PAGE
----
The morning light was shining through the window, casting a calm and peaceful atmosphere in the room. For a moment we stood there in silence, imagining how beautiful it would be. We glanced at each other and thought how foolish it would be not to see this idea through; and how foolish it would be if indeed we do.

Scratching the Surface
Although the idea was born out of contingency, the concept of pausing was shaped by the thought of many artists and authors before. (3) Similar subversive strategies have been proposed as a reaction to the predominant system of “capitalist realism”, as Mark Fischer has called it. For Fischer we live in a society in which profit, private property, and exploitation have become so deeply ingrained in every aspect of our lives – and bodies— that we can no longer imagine other forms of social organization. The “pause” precisely means to acknowledge this condition and heed the fact that art, like any other form of human activity and productivity, is historically conditioned to be governed by the logic of exchange values; art too, like other forms of human activity, tends toward (self-) exhaustion, (self-) exploitation, and often brutal, potentially dehumanizing competition.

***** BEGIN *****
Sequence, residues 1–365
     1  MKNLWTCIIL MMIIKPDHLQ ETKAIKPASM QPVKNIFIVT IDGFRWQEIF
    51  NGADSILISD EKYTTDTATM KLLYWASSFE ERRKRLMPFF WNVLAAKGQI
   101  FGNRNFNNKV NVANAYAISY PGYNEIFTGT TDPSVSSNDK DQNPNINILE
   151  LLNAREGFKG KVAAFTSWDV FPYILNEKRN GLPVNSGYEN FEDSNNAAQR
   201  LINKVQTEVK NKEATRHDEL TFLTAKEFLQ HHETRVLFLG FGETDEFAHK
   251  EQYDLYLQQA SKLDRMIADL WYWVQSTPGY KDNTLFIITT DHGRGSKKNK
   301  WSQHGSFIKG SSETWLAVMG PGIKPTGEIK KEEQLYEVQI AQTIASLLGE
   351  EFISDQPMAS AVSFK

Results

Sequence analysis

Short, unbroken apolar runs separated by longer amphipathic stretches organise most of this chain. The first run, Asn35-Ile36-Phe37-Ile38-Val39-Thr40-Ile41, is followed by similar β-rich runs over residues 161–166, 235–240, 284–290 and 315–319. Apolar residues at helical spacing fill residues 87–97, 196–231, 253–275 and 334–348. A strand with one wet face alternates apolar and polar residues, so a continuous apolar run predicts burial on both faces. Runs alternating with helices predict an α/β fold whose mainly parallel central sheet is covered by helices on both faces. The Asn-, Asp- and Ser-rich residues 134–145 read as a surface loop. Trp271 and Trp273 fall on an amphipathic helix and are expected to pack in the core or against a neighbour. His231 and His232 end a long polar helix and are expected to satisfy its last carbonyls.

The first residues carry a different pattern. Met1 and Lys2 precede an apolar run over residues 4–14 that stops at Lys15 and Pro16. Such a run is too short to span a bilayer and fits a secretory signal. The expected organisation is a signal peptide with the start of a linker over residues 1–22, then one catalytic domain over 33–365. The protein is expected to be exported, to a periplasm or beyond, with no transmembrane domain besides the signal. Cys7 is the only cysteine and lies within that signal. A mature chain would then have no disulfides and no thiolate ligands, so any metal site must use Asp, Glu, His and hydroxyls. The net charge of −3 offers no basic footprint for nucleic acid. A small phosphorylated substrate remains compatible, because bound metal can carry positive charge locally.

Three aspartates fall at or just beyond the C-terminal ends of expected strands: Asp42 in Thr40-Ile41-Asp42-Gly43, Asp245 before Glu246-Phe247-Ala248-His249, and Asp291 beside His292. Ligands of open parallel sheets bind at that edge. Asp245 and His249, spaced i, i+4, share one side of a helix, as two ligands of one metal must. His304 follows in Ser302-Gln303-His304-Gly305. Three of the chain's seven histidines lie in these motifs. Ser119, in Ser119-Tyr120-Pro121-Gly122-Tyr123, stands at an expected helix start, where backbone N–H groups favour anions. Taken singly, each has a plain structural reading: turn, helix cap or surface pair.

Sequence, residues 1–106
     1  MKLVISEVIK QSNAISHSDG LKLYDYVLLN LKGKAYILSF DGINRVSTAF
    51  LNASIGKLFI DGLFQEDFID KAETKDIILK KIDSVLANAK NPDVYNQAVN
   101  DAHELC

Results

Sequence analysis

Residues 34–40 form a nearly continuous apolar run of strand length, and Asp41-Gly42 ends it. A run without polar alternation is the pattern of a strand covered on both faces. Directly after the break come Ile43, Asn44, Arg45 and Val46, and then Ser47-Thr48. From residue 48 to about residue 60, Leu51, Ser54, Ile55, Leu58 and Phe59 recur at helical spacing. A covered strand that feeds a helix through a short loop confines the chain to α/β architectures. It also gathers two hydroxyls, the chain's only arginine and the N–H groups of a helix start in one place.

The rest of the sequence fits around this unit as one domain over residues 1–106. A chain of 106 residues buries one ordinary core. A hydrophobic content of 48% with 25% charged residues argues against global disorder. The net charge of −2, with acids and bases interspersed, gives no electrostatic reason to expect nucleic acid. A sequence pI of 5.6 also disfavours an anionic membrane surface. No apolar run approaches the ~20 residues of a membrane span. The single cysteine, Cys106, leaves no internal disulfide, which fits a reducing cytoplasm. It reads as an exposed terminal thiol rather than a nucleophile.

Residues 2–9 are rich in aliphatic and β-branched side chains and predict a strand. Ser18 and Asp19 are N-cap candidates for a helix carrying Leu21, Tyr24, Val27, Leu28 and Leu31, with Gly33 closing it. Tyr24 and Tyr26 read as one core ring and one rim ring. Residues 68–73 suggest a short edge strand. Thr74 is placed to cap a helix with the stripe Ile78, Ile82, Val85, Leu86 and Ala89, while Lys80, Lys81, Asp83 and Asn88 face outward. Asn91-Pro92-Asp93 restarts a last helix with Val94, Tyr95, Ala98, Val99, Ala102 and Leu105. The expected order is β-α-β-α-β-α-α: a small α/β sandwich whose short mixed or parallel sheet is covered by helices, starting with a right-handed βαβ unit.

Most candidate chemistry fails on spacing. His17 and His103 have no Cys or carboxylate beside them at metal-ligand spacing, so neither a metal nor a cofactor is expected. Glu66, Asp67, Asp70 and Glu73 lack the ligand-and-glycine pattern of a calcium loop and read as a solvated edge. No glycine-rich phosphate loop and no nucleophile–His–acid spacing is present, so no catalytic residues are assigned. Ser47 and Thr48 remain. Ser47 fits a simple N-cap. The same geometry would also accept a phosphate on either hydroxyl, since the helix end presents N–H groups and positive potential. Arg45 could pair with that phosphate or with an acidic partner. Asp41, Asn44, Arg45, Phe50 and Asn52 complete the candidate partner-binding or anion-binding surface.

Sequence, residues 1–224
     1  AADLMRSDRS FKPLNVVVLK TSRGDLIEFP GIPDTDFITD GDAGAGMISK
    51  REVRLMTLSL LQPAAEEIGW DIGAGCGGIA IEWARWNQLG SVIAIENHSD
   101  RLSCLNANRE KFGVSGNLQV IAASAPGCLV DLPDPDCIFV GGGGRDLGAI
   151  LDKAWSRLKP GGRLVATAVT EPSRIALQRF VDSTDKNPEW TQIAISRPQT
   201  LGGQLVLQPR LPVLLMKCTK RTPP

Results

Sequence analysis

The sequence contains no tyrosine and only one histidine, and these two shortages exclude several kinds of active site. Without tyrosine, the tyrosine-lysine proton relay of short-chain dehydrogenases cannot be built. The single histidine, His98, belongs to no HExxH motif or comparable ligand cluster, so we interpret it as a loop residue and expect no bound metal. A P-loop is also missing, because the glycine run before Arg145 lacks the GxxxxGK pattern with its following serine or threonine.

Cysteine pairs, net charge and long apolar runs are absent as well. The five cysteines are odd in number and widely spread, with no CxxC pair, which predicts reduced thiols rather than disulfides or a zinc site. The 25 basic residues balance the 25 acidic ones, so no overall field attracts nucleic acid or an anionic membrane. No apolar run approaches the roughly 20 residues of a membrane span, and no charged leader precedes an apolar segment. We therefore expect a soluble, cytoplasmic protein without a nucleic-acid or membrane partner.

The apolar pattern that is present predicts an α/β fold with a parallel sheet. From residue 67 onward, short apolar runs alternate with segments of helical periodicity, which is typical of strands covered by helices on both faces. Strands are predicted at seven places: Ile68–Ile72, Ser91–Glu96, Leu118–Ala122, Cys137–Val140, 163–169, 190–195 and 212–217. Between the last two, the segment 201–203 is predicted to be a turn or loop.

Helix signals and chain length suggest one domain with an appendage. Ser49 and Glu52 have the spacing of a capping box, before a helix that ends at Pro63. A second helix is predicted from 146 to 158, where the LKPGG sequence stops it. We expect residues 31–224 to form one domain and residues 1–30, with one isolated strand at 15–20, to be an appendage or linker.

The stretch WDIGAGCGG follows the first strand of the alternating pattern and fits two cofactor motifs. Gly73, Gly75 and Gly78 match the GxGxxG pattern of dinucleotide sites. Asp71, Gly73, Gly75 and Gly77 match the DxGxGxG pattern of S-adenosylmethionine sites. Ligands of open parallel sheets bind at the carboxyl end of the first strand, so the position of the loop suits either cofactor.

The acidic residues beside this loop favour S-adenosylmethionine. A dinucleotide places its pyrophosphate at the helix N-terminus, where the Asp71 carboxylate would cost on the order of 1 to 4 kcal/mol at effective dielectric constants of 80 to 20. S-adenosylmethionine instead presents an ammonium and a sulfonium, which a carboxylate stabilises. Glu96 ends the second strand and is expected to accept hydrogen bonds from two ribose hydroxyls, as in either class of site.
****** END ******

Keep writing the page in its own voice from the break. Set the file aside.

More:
Moreover, in the context of a society that is essentially “performance” driven (e.g., “improving performance”) and which understands performance as a mode of being (i.e., self-making as self-representation), the refusal of a cultural institute of the performing arts to perform its duty, i.e., to “perform”, must be understood as a gesture of self-criticism and as a critical intervention into what we understand as the art world’s compliance with economic programs and dictates in the age of relentless (self-) optimization.

Finally, in affinity with existing ecological strategies, resisting production, artistic production included, is consonant with environmentalists’ subversive calling for strategic degrowth (4), and with feminist calls for “doing less” – both powerful forms of resistance designed to challenge patriarchal and capitalistic expectations (e.g., free household labor, eternal growth, the value of progress, etc.) (5)